How good is Gallup for evaluating the impact of health reform?

Survey research in health policy is having its moment, assuming abstruse methodology is ever vogue enough to have a “moment”: yesterday’s news about the Census revising its widely-used Current Population Survey sparked one of the nerdier rounds of Obamacare controversy we’ve seen yet. Relevant to this moment is a new paper (gated) from Laura Skopec, Thomas Musco, and Benjamin Sommers.

Setting aside sentiments about the CPS update, it’s always been the case the researchers will rely on more than one data source to triangulate the impact of the Affordable Care Act. To do that, you need to understand the data sources. Skopec et al focus on the Gallup-Healthways WBI survey, sizing it up against the Current Population Survey, the American Community Survey, the Medical Expenditure Panel Survey, the National Health Interview Survey, and the Behavioral Risk Factor Surveillance System. Gallup puts out periodic reports on the uninsured (among other things), but their data is also available for researchers to purchase.

One unassailable perk of Gallup’s surveys is turnaround time: national-level data is available for analysis within a week of collection (state-level estimates are only made available twice a year, though). For reference, yesterday’s fracas about CPS revisions centered on data we’ll get in September. Data about calendar year 2013.

Gallup had a robust sample size of 355,000, which was reduced to about 177,000 starting in 2013. That’s not the ACS’s 3 million, but it was higher than CPS (200,000—2013 data isn’t available from CPS yet, so we haven’t compared Gallup’s smaller sample size against Census estimates) and the most detailed health surveys (NHIS has a sample of 100,000, MEPS 35,000).

From 2008 through 2011, Gallup exhibited a lower baseline rate of uninsured than CPS, ACS, and NHIS, but trends over time were relatively consistent. The chart below tracks reported rates of uninsurance among the surveys examined by the authors.


It’s not all good news, though. One concern the authors cite is “frequent methodological and question changes [that] introduce a level of uncertainty not generally encountered in government surveys.” These changes are more opaque and more egregious than changes to government surveys—for example, Gallup halved their sample size starting in January 2013 to divert more resources to international polling. That kind of change is a huge blow to statistical power and precision.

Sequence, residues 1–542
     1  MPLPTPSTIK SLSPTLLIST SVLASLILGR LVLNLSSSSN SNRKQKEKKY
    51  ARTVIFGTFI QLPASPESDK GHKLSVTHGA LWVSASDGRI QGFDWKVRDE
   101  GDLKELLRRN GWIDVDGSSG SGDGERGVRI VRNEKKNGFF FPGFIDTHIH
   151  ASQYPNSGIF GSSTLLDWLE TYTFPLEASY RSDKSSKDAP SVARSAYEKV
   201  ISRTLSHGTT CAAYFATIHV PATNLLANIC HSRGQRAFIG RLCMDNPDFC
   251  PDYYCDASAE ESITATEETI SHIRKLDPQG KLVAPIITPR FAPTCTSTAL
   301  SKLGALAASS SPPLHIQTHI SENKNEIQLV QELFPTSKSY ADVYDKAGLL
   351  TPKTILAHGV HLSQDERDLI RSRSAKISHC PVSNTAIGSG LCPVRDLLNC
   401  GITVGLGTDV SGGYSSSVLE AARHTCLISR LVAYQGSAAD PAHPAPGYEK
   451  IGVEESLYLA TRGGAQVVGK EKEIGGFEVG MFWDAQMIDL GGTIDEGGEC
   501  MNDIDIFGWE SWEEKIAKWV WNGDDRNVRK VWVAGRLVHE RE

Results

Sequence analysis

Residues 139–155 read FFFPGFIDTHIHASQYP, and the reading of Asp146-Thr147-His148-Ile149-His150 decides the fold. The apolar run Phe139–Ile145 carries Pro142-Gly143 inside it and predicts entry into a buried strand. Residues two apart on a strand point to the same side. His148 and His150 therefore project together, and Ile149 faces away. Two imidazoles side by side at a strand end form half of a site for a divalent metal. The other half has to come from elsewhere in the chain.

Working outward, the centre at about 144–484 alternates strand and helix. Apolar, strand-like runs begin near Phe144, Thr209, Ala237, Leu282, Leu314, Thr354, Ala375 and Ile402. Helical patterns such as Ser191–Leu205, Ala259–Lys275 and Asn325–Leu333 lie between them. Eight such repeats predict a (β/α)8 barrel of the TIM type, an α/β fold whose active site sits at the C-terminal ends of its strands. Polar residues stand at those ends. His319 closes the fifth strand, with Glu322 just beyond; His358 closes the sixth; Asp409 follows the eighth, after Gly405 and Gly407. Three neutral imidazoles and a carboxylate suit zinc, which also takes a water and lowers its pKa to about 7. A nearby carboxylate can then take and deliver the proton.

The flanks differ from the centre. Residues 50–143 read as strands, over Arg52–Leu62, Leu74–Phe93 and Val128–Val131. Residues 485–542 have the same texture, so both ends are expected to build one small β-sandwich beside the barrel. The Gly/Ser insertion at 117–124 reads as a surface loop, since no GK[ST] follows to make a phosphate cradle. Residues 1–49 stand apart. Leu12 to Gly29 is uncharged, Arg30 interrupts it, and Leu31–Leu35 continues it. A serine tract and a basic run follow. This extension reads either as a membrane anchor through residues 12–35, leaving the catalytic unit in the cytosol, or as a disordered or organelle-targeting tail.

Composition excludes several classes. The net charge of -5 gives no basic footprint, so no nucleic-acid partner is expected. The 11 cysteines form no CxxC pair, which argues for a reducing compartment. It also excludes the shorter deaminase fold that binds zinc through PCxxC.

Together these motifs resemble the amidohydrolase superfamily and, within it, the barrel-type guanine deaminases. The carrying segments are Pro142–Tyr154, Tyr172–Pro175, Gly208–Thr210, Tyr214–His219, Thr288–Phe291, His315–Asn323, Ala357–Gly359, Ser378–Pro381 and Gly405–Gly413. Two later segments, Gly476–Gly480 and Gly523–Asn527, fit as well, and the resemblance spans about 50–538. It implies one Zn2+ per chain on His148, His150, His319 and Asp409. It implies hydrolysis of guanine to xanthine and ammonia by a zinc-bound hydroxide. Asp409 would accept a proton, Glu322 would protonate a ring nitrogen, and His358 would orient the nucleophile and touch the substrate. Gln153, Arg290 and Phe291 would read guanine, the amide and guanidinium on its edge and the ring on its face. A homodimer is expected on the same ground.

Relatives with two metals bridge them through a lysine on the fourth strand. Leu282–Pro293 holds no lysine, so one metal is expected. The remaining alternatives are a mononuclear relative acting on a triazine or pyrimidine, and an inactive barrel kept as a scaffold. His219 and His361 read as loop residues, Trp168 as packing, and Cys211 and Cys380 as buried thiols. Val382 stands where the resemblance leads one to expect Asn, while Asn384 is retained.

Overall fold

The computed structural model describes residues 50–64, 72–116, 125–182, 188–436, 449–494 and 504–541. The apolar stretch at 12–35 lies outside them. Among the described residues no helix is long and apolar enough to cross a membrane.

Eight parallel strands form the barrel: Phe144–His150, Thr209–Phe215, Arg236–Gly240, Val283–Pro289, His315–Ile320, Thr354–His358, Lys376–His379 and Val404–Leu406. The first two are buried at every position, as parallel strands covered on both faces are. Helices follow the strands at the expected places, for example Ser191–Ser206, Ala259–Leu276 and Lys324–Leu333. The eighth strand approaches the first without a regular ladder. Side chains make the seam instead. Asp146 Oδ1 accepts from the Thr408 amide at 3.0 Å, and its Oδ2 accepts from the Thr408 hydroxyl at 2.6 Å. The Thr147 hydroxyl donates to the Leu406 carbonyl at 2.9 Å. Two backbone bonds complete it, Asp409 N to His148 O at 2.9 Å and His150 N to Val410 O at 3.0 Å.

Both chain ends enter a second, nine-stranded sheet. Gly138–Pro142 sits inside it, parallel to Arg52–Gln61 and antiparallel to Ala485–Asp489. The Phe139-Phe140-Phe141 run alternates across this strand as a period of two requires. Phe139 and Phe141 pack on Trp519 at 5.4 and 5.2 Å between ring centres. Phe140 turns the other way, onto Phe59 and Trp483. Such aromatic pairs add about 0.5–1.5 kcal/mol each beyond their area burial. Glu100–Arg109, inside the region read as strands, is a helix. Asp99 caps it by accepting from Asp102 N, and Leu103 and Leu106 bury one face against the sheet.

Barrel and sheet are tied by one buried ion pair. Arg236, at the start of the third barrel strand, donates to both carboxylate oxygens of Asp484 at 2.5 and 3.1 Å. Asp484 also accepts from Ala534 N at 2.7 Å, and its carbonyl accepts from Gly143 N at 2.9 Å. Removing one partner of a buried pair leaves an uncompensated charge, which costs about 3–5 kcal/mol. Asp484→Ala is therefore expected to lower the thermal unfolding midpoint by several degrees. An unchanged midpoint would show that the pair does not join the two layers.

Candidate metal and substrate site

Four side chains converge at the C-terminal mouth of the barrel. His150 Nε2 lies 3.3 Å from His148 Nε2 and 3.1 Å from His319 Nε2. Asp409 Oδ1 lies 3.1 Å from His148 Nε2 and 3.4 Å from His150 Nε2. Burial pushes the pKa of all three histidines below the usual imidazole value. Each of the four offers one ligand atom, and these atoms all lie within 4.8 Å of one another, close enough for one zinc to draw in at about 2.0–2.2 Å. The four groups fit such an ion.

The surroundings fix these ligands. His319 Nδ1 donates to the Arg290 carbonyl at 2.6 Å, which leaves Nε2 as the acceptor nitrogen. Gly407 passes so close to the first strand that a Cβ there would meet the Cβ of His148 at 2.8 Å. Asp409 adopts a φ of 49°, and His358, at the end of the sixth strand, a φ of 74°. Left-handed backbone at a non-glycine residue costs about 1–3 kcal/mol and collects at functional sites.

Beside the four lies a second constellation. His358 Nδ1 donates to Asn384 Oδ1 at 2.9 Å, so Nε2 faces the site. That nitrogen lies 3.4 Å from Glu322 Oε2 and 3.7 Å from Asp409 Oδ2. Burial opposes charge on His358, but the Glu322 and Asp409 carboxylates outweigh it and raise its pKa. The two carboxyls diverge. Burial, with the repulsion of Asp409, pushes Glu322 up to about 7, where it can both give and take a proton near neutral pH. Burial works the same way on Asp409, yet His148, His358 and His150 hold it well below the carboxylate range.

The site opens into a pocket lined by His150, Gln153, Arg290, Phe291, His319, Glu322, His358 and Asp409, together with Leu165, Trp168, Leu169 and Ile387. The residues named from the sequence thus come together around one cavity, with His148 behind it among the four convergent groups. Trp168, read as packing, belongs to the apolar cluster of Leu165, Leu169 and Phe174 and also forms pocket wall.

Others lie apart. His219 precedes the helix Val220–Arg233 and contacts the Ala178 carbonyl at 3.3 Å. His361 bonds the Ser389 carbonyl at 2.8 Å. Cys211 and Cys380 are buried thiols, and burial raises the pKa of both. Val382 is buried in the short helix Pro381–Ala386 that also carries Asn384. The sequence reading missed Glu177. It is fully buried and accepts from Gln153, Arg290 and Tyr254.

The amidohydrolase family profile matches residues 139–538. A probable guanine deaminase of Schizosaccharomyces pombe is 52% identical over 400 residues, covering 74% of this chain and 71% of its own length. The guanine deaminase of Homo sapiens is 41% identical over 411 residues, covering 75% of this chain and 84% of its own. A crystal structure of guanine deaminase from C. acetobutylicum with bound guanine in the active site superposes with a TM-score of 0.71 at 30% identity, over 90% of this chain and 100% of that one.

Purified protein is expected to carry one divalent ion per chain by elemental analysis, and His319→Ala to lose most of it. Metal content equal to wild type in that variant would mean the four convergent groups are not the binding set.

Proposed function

This criticism of Gallup isn’t naive to the CPS’s upcoming changes:

While government surveys also change over time – in particular some government surveys are introducing question changes to better detect the coverage and access effects of the Affordable Care Act – these changes tend to be approached with caution and attention to minimizing breaks in trend. In addition to WBI’s unpredictability, the most concerning methodological limitation of the survey is its response rate of 11%. While this rate is similar to that of other telephone surveys, it is far below those of the government surveys (which range from 50% to 98%).

The way that Gallup reports income is also likely to frustrate health services researchers: instead of reporting specific dollar amounts (treating income as a continuous variable), Gallup records one of ten discrete income ranges. Painting income in such broad strokes obscures the thresholds built into the ACA, making it incredibly difficult to draw inferences about key topics like Medicaid eligibility and subsidy generosity.

One of the most troubling aspects of Gallup’s data is their Medicaid estimates: these come in at about half the enrollment in government surveys, a margin of four to five percentage points. It seems likely that some number of Medicaid beneficiaries are mistakenly reporting “other/non-group” coverage; Gallup has an unusually high proportion of respondents in that category. Given that, their data on enrollment in Medicaid and the private market should be used with caution.

All in all, it’s a mixed bag: There are serious limitations for empirical research, but Gallup data seems adequate for the rough cuts of information that our impatient news cycle seems to demand:

Gallup-Healthways WBI data seem particularly well-suited for real-time analyses of certain changes in health care trends that do not require distinguishing between different types of insurance coverage, such as whether the ACA had reduced the number of uninsured adults in the U.S., similar impacts of state expansions, and the impact of these changes on access to care.

Update: This post was modified to reflect that Gallup’s sample size changed (from 355,000 to 177,000) starting in 2013.

Adrianna (@onceuponA)

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